Yes, that part of the article wasn't so funny. Pretty much our biggest city - Auckland - deciding life not worth living. Every year.

Guy overstates that suicide rate by a factor of 100 : around about 135 000 people commit suicide in India each year ... farmers represent 11 % of that figure , near 13 700 annual deaths...

.. not 1.3 million !

Bugger Gummy, I just stopped reading Womens Weekly as my main source of - " If it's printed there it must be true". Where do I go now?

I suggest you get onto Donald Trump's Twitter feed ...

... it'll be no more factually correct than the venerable Womans Weekly ... but a frigging sight funnier . .

Ye of little faith

Nope, 1.3million is the figure I've got. Scarey numbers  (actuallly quite a bit more than 1.3m)

Table 5: Trends in Farm Suicides in India Year Total Suicides Of which suicides by farmers and agricultural labourers 2010 1,34,599   2011 1,35,585    2012 1,35,445  2013 1,34,739    2014 1,31,666     2015* 1,33,623

*Data not available after 2015. Source: National Crime Research Bureau, Government of India.

http://www.indiaenvironmentportal.org.in/files/file/TRANSFORMATION%20OF%20INDIAN%20AGRICULTURE.pdf

 

Guy T

Guy : the figures you have are completely wrong ... 13 700 farmer suicides it is ... and terribly sad at that high figure ...

... not 1 300 000 per annum ... that equates to 3600 per day ....

Courtesy of Wikipedia ...

Do not despair , Guy : being 100 times out in your stats does not necessarily preclude you from a successful future career within the NZ Labour Party ... Minister of Kiwibuild , Minister of Tree Planting ...

... you're every bit as good as the incumbent ministers .

Please stop. I don't like it when Mommy and Daddy are fighting.
However according to the World Health Organisation, WHO, across the GLOBE ( thats like all of us) around 800,000 people commit suicide per year.
So sadly back to the Womens Weekly for me.Cause its gotta be true if its printed there.

Real men read Cleo ... not WW ... pah !

Hi.

There may be confusion by the articles author and some commentators about the Indian numbering system.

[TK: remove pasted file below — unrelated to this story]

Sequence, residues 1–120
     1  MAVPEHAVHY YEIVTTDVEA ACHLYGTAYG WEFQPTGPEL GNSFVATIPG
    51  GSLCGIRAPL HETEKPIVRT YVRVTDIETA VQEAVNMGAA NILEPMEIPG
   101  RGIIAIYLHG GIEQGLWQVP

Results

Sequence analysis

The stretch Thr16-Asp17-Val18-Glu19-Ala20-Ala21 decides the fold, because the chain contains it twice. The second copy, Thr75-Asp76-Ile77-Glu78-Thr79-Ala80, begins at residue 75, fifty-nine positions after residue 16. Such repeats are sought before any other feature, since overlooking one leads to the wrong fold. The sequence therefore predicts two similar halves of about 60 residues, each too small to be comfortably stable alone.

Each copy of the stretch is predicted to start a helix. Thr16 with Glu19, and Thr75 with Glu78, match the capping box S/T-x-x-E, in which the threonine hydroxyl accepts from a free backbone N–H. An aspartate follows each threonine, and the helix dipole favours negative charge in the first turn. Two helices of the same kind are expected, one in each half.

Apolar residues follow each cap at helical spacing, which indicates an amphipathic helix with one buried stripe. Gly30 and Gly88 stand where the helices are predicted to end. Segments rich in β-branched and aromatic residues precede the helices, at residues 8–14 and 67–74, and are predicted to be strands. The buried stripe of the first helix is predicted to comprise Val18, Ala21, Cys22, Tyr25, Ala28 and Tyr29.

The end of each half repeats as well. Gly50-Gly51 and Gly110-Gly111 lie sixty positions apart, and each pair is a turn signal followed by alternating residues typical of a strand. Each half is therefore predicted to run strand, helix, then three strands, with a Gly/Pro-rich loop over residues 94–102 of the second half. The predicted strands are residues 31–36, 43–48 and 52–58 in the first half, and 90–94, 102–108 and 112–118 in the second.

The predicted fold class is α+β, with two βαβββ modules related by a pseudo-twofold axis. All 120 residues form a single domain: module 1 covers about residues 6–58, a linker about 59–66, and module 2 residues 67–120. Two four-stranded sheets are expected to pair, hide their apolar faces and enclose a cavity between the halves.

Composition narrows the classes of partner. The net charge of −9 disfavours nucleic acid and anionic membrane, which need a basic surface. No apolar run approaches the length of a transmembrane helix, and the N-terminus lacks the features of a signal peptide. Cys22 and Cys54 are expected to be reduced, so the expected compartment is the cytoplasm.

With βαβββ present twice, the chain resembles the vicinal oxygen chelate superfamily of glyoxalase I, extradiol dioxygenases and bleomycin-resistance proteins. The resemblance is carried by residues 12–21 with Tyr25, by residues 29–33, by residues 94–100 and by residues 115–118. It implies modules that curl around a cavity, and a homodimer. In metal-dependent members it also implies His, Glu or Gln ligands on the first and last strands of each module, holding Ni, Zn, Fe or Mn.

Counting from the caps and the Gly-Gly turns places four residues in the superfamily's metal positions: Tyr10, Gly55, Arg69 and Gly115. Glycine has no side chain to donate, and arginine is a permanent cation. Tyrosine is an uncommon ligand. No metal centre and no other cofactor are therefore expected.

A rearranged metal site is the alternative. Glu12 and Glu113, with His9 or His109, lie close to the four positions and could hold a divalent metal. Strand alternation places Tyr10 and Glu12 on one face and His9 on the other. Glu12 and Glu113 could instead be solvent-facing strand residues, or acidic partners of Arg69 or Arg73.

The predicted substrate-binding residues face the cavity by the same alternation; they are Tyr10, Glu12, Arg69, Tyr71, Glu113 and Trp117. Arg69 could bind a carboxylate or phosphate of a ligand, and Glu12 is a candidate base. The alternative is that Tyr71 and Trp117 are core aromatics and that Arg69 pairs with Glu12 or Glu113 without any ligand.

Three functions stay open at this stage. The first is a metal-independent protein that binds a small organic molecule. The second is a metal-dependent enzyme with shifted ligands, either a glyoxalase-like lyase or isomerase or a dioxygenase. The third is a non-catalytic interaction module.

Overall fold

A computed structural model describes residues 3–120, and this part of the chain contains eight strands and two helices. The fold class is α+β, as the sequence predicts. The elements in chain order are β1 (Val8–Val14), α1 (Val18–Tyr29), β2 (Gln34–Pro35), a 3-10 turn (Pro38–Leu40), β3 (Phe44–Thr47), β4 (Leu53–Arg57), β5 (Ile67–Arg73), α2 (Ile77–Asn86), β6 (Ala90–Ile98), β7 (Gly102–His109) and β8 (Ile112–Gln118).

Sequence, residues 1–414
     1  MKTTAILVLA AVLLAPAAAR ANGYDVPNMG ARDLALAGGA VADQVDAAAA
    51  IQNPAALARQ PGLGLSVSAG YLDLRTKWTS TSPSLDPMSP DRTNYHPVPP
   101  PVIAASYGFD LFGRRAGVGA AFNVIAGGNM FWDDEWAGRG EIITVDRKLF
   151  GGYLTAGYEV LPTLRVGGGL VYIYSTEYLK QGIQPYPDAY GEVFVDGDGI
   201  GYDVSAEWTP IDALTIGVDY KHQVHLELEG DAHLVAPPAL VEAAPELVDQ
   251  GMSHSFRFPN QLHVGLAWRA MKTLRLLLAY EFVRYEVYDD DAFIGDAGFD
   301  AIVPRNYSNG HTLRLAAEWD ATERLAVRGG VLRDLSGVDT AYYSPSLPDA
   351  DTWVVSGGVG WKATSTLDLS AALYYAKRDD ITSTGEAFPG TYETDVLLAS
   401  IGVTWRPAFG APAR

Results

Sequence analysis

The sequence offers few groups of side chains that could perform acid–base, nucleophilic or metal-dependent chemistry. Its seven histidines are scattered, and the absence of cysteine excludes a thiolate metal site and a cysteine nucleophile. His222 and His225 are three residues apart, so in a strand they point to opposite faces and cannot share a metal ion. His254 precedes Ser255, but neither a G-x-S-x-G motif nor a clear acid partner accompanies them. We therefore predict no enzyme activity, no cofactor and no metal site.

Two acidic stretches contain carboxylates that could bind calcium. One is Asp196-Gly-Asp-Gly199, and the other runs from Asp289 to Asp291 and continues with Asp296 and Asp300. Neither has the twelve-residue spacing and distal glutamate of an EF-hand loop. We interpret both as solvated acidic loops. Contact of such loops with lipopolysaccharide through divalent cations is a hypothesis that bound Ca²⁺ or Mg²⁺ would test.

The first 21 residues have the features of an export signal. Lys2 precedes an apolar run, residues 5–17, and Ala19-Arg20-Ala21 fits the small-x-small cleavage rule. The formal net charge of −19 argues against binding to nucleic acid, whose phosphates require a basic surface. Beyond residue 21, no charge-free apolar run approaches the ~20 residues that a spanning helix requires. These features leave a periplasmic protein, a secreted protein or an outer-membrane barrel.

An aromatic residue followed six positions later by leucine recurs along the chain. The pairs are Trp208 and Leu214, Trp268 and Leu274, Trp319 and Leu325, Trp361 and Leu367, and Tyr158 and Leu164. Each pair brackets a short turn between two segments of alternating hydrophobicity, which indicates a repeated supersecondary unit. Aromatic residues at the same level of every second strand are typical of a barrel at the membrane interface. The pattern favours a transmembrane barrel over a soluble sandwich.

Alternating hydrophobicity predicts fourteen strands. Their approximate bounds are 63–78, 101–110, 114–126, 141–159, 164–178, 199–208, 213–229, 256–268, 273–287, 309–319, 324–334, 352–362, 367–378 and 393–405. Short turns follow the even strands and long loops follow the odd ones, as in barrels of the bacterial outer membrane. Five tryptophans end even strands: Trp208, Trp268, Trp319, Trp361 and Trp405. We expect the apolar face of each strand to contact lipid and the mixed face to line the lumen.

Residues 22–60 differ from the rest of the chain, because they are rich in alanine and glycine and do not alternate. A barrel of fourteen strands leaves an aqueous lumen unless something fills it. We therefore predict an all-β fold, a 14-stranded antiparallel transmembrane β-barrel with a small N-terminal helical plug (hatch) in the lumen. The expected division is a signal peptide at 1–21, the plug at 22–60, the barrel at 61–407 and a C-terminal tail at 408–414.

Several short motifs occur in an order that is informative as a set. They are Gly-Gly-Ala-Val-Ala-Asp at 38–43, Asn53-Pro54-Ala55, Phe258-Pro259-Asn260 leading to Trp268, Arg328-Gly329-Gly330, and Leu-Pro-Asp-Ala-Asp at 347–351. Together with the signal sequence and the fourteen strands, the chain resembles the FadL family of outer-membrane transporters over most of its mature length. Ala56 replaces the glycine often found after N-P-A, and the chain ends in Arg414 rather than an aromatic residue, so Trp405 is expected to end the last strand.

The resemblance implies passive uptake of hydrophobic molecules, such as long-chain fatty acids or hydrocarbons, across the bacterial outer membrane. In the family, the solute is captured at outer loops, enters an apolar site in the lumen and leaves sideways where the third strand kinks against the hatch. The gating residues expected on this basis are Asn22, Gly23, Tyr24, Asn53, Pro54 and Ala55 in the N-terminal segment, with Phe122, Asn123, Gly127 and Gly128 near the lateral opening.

1,00,000 = 1 Lakh by Indian convention this is equal to 100 thousand (100,000 by our number convention). Note the second comma does not signify million and there are only two digits between the first and second comma.

https://en.wikipedia.org/wiki/Lakh

As per Wikipedia :

Year Total farmer suicides in India (Not normalised for different populations of different states)
1995 10,720
1996 13,729
1997 13,622
1998 16,015
1999 16,082
2000 16,603
2001 16,415
2002 17,971
2003 17,164
2004 18,241
2005 17,131
2006 17,060
2007 16,632
2008 16,796
2009 17,368
2010 15,964
2011 14,027
2012 13,754
2013 11,772
2014 12,360
2015 12,602

Hi GHB,

Humble pie on my part you're right having crossed checked a couple of sites. Unfortunately I considered the National Crime Records Bureau (NCRB) of India a good source but appears they were miss quoted (and continued by me) made for some interesting comment though.It was in a piece that should have been sound. The gist of the story was for interest then somehow Fonterra stumbled into it.

 Below even NCRB confusion ??

https://thelogicalindian.com/news/farmers-suicides-in-india-the-slaughter-of-suicide-data/

Cheers Guy

 

Back on track with the articles main focus - Fonterra's current CEO has been gaining some market credibility with a "back to basics" mantra. So why would he look to screw that little bit of faith up now?
My other question - how easy is it to short the Fonterra share price?

Fontlerra are pretty good at overseas investing. China went gangbusters.

Didn't need that TipTop anyway.

Bonuses anyone?